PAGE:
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We’re Back

Fresh from AFSA and NADA, the editor believes the auto industry is not only back, it’s strong and ready to push forward — and that goes for finance, too.

March 12, 2012

How do we make auto and auto finance relevant to Gen Y?” That was the question John Noone, former Ford Credit exec and current chairman of the board at the American Financial Services Association (AFSA), posed at the trade group’s Vehicle Finance Conference. It’s a great question, and one I hope you readers ponder.

That challenge is the focal point of this issue’s coverage of last month’s industry week, which included the National Automobile Dealers Association (NADA)’s convention. What’s clear is that the answer to Noone’s question will involve more than simply adding iPads to your processes.

I’ll let you take a look at our post-show package. What I’d like to do here is share a couple of key points that didn’t make the final cut.

The iDealer Movement: Scott Krenz, a senior executive for Asbury Automotive Group, caught my attention when he talked about how the organization has integrated F&I into sales at two stores in Virginia. The process is called “Customer First,” and, as I found out, it’s not just another name for the hybrid manager concept.

See, the company is trying to appease the Internet shopper’s call for faster transaction times, and the answer appears to be educating them early and often. So, it’s asking salespeople to start educating consumers about the F&I process the moment contact is made. So far, the strategy has cut transaction times to about two-and-a-half hours, and profit performance is in line with its other stores.

Social Selling: Have you ever thought of having your salespeople post links to credit apps on their personal Facebook pages? According to Phil Penton, founding partner at SOCIALDEALER, the tactic has worked really well for some dealers and their salespeople. Give it a try.

Sales for Clunkers: Used prices are expected to peak between April and June, which insiders say will be a good time for your customers to trade in their current vehicles. But there’s one problem with that, as TD Auto Finance’s Thomas Gilman pointed out: “People are coming back with the wheels falling off.”

The New Bubble: Did you know that 49 percent of loans originated in 2011 were for terms of 72 months or more? Did you know that loan-to-value ratios on subprime originations were tracking at 118 percent? Makes you wonder if we learned anything.

Truth is, auto finance sources have. They’re aggressive, but they’re being aggressive in the space they’re comfortable with, and, as I’m sure you’ll agree, we’ll need them to be that way to get more customers off the sidelines. Could this mean a return of full-spectrum financing? According to finance execs, no, it does not.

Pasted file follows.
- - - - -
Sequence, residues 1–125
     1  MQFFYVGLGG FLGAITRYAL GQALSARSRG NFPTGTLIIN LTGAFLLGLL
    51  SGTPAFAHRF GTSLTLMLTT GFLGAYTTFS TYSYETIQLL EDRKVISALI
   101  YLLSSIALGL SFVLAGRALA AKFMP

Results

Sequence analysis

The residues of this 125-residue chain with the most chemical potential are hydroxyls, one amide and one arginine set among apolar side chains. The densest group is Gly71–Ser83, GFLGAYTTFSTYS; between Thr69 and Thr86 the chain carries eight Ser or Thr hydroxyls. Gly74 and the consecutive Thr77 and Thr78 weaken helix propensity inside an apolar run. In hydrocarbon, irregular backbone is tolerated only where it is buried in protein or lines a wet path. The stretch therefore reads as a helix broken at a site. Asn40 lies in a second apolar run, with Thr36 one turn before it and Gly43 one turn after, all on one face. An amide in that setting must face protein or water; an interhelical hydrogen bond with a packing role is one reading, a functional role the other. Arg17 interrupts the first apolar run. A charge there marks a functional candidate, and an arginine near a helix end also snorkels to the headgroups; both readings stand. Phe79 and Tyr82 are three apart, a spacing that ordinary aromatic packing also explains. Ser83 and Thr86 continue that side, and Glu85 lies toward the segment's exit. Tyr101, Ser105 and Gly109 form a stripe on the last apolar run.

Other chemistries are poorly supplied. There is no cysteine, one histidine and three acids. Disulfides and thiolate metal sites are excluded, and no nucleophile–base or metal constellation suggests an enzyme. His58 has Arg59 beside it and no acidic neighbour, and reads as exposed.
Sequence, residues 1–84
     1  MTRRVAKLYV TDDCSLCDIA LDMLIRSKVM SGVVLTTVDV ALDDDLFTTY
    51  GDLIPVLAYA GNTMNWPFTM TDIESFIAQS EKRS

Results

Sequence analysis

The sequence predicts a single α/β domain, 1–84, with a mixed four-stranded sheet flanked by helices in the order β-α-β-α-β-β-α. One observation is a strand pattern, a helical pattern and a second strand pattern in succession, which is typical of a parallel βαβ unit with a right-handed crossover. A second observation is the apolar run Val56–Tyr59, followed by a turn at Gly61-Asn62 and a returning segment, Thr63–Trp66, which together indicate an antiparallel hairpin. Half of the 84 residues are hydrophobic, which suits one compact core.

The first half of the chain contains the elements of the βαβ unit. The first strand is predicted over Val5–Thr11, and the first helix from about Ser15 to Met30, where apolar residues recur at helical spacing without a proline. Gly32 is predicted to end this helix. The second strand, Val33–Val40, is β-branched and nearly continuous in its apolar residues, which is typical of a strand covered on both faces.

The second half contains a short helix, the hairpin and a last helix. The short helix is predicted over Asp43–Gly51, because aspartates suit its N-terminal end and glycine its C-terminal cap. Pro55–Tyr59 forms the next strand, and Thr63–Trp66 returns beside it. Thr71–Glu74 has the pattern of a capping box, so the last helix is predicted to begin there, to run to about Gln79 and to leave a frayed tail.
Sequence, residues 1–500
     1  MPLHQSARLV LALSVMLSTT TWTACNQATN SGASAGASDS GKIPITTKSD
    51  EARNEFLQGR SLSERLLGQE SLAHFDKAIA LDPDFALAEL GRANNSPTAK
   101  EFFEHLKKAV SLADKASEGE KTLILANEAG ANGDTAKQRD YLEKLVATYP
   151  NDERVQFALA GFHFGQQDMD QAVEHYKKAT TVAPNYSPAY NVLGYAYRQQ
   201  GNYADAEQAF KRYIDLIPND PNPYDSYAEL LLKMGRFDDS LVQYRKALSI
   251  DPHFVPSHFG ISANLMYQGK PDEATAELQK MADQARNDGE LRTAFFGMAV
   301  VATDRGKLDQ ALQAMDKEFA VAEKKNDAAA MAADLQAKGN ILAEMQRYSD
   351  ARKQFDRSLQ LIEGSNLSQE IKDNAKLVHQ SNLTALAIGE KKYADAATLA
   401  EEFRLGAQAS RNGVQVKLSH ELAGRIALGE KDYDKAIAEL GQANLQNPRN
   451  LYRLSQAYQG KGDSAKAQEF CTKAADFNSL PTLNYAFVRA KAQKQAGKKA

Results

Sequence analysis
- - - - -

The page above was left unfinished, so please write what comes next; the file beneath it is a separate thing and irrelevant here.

Rebuilding Auto Finance: The two biggest lessons the auto finance industry learned through the credit crisis were that it needs to 1) diversify and 2) get a better read on its customers. Those lessons were on display at the AFSA’s annual conference.

See, back in 2010, I reported on the NADA’s attempt to get the Small Business Administration (SBA) to help jumpstart dealer financing, which had collapsed the year before. It was a good plan, but not many sources understood or had the technology to manage the segment. That’s not the case anymore.

See, companies like DataScan are helping to change all of that. In fact, the company’s hardware division is providing the system that will run GM Financial’s dealer financing program to support General Motors dealers, while DataScan Field Services will be handling the captive’s dealer floorplan audits.

“I think [the crisis] raised awareness that an opportunity was created when companies exited the floorplan financing space,” said DataScan’s Brent Sergot.

Wells Fargo also has forged a relationship with GM to support its dealers. If you’re keeping count, that means GM has GM Financial, Ally, U.S. Bank and now Wells to lean on.

I also had an interesting conversation with Tom Wolfe and his executive team at Wells Fargo Dealer Services. See, Wolfe is now heading up what the bank is calling Wells Fargo Consumer Credit Solutions. They want to break down the walls between auto, student and home mortgage lending so the bank can be with each customer through every phase of their lives. It’s a loyalty drive, but I think this is the kind of change the industry will need if we face another crisis.

By the way, assuming Wolfe’s former post is Dawn Harp.

This is an exciting time. We’re not only rebuilding, but we’re building a stronger industry, one that will be able to withstand whatever comes our way. We’re back in the saddle, boys and girls.

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